AUTHORITY NUTRITION

6 Tips to Use a Standing Desk Correctly

Written by Joe Leech, MS on June 18, 2017

Standing desks have become very popular.

Early studies show they can be highly beneficial for health and productivity.

This is especially true with versions that adjust between standing and sitting.

However, there are no clear guidelines about the best ways to use a standing desk ().

This article gives you 6 tips for using a standing desk correctly.

These will help you maximize the benefits and minimize the negative effects.

There's no doubt that sitting too much is very bad for your health. However, that certainly does not mean you should stand all day instead.

Studies have found strong associations between lower back pain and standing occupations, such as bank tellers and production line employees (, , ).

Standing still for long periods is also thought to negatively affect your leg muscles, tendons and other connective tissue, and may even cause varicose veins ().

Fortunately, this can be avoided by simply alternating between sitting and standing.

The research is still in its early stages, but a ratio of 1:1 or 2:1 sitting versus standing time appears to be optimal for comfort and energy levels, without affecting productivity ().

That means for every 1 to 2 hours you sit in your office, 1 hour should be spent standing. Try to alternate between sitting and standing every 30 to 60 minutes.

Bottom Line: Try to alternate between sitting and standing. Early research suggests you should only spend 1 hour standing for every 1–2 hours sitting.

Correct desk height and computer screen position are fundamental for improving comfort and minimizing injury risk in the office ().

To begin, set your standing desk at about elbow height. This means your elbows should be in a 90 degree position from the floor.

As a guide, the average 5'11" (180 cm) person would have their desk about 44 inches (111 cm) high.

Recommendations for screen position are not black and white, but the general consensus is to have it 20–28 inches (51–71 cm) from your face.

As a quick reference, the distance should be no less than from the tip of your middle finger to your elbow.

The top of your screen should be eye level, with a small upwards tilt of between 10 and 20 degrees. The idea is that you should never need to tilt your neck up or down.

Standing Desk Ergonomics Image

Image Source: .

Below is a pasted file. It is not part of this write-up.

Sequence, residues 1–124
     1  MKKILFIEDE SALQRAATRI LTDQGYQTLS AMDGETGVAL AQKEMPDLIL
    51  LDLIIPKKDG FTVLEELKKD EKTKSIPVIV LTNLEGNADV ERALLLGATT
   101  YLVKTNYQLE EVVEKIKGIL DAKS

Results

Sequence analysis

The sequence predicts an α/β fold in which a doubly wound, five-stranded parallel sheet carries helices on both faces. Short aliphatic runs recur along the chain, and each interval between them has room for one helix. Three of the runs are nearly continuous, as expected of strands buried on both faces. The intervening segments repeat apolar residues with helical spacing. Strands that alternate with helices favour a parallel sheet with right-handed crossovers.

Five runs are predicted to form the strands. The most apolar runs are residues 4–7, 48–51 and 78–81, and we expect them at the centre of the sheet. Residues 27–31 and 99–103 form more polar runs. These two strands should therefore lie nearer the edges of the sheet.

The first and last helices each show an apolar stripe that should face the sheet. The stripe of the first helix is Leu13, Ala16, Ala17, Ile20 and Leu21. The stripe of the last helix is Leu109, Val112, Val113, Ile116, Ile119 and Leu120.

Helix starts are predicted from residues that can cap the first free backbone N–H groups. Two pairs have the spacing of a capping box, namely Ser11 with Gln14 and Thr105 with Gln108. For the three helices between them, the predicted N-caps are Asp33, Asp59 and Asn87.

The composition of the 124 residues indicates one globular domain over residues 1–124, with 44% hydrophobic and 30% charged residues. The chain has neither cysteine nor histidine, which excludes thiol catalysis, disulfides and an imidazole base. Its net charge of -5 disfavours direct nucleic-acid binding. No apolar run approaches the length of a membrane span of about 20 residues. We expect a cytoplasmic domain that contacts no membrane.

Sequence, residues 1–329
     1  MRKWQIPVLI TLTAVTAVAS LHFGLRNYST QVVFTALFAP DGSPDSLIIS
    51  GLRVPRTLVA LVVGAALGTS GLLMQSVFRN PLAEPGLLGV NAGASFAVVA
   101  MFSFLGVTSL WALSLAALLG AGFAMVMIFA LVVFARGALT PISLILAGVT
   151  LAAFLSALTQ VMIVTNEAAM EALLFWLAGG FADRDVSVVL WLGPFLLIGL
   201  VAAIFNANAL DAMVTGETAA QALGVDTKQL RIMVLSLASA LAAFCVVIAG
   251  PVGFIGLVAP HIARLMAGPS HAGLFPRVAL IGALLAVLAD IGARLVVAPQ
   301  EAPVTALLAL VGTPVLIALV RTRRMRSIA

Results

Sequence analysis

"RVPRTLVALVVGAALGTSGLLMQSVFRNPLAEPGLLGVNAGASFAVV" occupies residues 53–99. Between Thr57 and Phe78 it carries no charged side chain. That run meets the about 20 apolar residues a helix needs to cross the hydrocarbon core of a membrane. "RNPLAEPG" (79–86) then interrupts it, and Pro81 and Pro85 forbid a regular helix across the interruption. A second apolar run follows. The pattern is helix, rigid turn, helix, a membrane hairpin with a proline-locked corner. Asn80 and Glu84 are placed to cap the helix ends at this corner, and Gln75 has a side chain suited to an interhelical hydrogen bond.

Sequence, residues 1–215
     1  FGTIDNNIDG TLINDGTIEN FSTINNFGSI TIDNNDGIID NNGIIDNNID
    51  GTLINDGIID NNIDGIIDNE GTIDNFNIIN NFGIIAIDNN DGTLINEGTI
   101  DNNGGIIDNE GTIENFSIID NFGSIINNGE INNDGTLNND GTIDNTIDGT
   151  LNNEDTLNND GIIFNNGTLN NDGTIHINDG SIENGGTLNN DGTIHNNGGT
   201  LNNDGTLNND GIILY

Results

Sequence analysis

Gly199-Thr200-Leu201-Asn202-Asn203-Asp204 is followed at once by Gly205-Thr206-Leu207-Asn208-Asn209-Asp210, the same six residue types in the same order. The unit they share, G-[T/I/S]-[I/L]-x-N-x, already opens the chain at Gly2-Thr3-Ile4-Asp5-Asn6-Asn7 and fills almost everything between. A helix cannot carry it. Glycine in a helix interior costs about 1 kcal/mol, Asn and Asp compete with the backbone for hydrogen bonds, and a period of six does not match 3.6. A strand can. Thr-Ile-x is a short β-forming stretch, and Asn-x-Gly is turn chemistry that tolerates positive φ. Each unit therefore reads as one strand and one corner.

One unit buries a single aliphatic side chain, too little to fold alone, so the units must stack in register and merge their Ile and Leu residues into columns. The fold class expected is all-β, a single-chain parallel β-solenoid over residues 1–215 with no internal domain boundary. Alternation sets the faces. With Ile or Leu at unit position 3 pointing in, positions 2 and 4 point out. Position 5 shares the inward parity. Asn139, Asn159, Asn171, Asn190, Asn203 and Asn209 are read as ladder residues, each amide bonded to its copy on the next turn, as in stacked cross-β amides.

If you're using a laptop, try to align the keyboard with your elbow height.

However, this forces you to tilt the screen back and your neck downwards, which is not ideal for long-term use.

Bottom Line: Adjust your desk and screen for your height. Your desk should align with your elbows, while the top of the screen should be at eye level.

Anti-fatigue mats are commonly used in jobs that require extended periods of standing, such as working on a product line or at a counter.

These mats reportedly combat standing fatigue by encouraging subtle movements of your leg muscles. This improves blood flow and reduces overall discomfort.

Studies show that people who stand for 2 or more hours per day report less discomfort and tiredness when using anti-fatigue mats. The mats also help with leg problems and lower back pain (, ).

If you experience leg or lower back pain from standing, then anti-fatigue mats could be very useful.

Bottom Line: Anti-fatigue mats may reduce the tiredness, leg discomfort or back pain associated with standing more than 2 hours per day.

Working long hours on the computer can strain your wrists. Therefore, it's important to optimize wrist position when sitting or standing.

The ideal angle when standing is slightly more extended (tilted upwards) than when sitting.

A failure to consider this difference in those who frequently swap between sitting and standing has been shown to lead to greater wrist pain and discomfort (, ).

In order to protect your wrists when standing, always keep your keyboard and mouse at the same level, and your wrists straight when typing.

If you still experience sore wrists on occasion, consider using an adjustable keyboard stand and gel mouse pads for optimal support.

Bottom Line: The ideal wrist position differs slightly between standing and sitting, so consider this when using your standing desk.

An arm support is soft padding or surface area that attaches to your desk. It is designed to reduce pressure on the wrist that operates the mouse.

This is a well-researched area, with numerous studies showing arm supports can significantly reduce the risk of developing neck and shoulder problems (, ).

These are worth looking into if you often experience problems, especially on the side of your dominant hand.

Bottom Line: Attaching an arm support to your desk may help with shoulder and neck problems, especially on the side of your dominant hand.

Even though standing at your desk is better than sitting, you should still take regular breaks to move and stretch, clear your head and rest your eyes.

For some people those quick breaks come naturally, while others may need an automated reminder.

A great option is to install reminder software on your computer, or to download a break reminder app on your phone. There are many free versions of both of these.

One study found that after just two weeks of using a reminder program, call center employees experienced less upper limb and back discomfort ().

Bottom Line: Try using an automated software or app to remind you to take regular breaks throughout the day.

Using a standing desk can be really great for your health. You can read more in this article about the benefits of standing desks.

However, a standing desk can be difficult to get used to and can even cause problems when not used correctly.

Try the tips on this list to maximize the benefits of your standing desk while minimizing the risks.

An evidence-based nutrition article from our experts at Authority Nutrition.

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